As Sudan war rages, rival sides accused of looting, diverting aid

On May 22, security officers abruptly showed up at a Doctors Without Borders (Medecins Sans Frontieres, or MSF) warehouse in Gedaref, a city under army control in eastern Sudan.

The officers said they needed to check the medical aid, which was supposed to be distributed to civilians caught up in a vicious war between the army and paramilitary Rapid Support Forces (RSF). Then, they confiscated the supplies without further explanation.“We had a shipment ready to go from Gedaref … to a hospital in North Khartoum but it was all taken,” said Jean-Nicolas Armstrong Dangelser, MSF’s emergency coordinator in Sudan.

An estimated 25 million people – more than half of Sudan’s population – are in desperate need of aid due to an acute humanitarian crisis made worse by the fighting. But as the conflict enters its third month, both sides are accused of attempting to exploit aid deliveries to gain an upper hand on the battlefield.

The RSF and army are both stealing aid, restricting aid access and imposing rent-seeking impediments, according to 12 aid workers, Sudanese medics and experts who spoke to Al Jazeera.

“The army is not allowing many supplies into [RSF-]controlled areas and the opposite is also true. We are suffering because there is a conflict between the two,” said Yousif Ahmed, a medic whose name has been changed to protect him from reprisals.

“Both [RSF and the army] are stealing medical supplies and this is why we have shortages everywhere.”

Al Jazeera contacted army spokesperson Nabil Abdullah and RSF spokesperson Youssef Ezzat for comment, but neither had responded by the time of publication.Keeping quiet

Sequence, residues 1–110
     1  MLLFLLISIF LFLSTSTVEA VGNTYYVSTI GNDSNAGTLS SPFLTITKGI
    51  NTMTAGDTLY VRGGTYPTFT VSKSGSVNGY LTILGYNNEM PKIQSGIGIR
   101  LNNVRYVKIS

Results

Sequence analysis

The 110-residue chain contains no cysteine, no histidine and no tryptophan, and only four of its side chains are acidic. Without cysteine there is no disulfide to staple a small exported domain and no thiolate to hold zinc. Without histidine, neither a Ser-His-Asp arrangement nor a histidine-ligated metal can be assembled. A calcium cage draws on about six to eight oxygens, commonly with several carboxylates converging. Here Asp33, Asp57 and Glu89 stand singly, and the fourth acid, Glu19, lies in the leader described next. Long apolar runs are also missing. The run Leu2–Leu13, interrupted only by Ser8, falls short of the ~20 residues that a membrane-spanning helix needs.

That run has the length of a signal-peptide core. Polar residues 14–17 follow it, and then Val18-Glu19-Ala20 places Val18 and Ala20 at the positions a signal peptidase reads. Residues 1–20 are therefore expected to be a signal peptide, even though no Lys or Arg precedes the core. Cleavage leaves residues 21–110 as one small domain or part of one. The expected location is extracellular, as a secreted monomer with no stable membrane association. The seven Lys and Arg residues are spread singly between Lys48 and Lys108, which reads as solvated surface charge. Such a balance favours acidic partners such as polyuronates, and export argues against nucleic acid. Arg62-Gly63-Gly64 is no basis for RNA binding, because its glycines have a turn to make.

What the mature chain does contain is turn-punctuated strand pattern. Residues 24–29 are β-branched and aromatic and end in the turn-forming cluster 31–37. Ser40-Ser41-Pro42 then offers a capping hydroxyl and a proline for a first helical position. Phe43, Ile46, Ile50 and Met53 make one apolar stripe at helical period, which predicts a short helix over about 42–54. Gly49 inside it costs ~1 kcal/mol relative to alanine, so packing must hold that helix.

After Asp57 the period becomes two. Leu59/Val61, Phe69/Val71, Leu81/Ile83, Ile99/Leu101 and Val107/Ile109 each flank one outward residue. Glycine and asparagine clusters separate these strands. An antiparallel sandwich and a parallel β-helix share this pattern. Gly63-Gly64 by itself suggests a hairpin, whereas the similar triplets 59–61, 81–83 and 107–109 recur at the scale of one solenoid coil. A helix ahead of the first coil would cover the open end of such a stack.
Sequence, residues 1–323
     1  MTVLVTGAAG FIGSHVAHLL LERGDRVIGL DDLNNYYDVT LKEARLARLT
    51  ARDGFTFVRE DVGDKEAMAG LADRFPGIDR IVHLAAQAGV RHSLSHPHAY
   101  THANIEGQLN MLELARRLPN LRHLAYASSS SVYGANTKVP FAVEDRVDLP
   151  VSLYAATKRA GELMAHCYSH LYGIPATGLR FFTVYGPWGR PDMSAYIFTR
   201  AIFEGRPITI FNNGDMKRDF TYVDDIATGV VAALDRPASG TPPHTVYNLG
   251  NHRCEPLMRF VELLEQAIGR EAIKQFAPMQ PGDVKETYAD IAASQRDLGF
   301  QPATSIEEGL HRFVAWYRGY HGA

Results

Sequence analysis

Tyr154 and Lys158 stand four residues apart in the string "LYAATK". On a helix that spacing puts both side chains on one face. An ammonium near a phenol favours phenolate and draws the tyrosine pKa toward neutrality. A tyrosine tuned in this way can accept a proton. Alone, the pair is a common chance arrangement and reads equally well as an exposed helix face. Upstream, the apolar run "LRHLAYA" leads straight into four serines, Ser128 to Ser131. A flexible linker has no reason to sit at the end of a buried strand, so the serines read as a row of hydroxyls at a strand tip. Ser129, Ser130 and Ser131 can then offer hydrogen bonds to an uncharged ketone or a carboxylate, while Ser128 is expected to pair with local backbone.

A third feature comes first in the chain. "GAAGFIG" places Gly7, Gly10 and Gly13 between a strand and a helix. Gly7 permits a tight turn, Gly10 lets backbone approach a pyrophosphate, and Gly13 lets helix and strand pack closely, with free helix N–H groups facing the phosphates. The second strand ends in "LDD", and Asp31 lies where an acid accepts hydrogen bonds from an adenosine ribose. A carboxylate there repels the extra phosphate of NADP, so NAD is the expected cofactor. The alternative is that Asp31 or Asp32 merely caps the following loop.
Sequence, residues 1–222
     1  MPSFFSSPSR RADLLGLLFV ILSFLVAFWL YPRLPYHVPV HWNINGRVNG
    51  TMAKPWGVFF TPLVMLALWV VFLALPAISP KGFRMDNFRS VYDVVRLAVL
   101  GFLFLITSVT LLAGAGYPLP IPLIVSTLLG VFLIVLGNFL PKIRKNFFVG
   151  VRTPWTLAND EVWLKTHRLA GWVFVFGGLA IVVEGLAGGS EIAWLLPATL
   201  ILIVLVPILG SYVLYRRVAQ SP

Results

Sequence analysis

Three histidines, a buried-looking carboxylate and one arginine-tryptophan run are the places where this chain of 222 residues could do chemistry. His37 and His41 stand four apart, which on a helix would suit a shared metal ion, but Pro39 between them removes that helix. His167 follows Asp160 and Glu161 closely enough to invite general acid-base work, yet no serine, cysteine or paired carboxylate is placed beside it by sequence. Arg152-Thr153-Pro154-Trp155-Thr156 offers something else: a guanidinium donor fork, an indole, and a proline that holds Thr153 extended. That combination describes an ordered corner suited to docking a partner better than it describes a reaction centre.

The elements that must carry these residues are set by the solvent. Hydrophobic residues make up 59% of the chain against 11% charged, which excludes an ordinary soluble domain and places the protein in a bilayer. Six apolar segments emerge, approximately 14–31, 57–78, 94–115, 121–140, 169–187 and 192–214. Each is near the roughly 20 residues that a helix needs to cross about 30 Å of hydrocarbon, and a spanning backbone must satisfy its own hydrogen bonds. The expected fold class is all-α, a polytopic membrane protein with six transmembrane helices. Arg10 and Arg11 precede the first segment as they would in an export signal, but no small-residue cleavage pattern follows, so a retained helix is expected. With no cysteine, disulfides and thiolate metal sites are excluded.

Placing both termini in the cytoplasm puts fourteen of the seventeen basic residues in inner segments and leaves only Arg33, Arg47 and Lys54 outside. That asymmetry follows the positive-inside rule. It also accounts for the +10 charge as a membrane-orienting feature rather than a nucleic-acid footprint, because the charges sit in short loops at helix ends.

MSF’s supplies were confiscated by the Humanitarian Aid Commission (HAC), which was given expanded powers to crack down on aid groups by Sudan’s former authoritarian leader, Omar al-Bashir, in 2006. Today, they operate under the army’s de facto command.

The HAC seemed to be designed to treat Western aid organisations with suspicion, with the government in 2009 going so far as to expel 13 aid agencies for “threatening the security of Sudan”. But rights groups and aid workers said the real reason was al-Bashir’s perception that they had helped the International Criminal Court gather evidence that resulted in a warrant being issued against him for crimes against humanity.Aid workers told Al Jazeera that they consider the HAC an outfit for military intelligence and that the commission continues to be a thorn in the side of major aid groups and the United Nations today.

The HAC remains tasked with granting visas to aid workers and issuing travel permits to those requesting to move within Sudan. It also monitors the delivery of aid and inspects all aid supplies that arrive at Port Sudan – a city under army control where most aid enters the country and which has acted as the administrative capital since the war erupted in mid-April.For that reason, most aid workers spoke to Al Jazeera off the record for fear of losing the limited aid access they have been granted.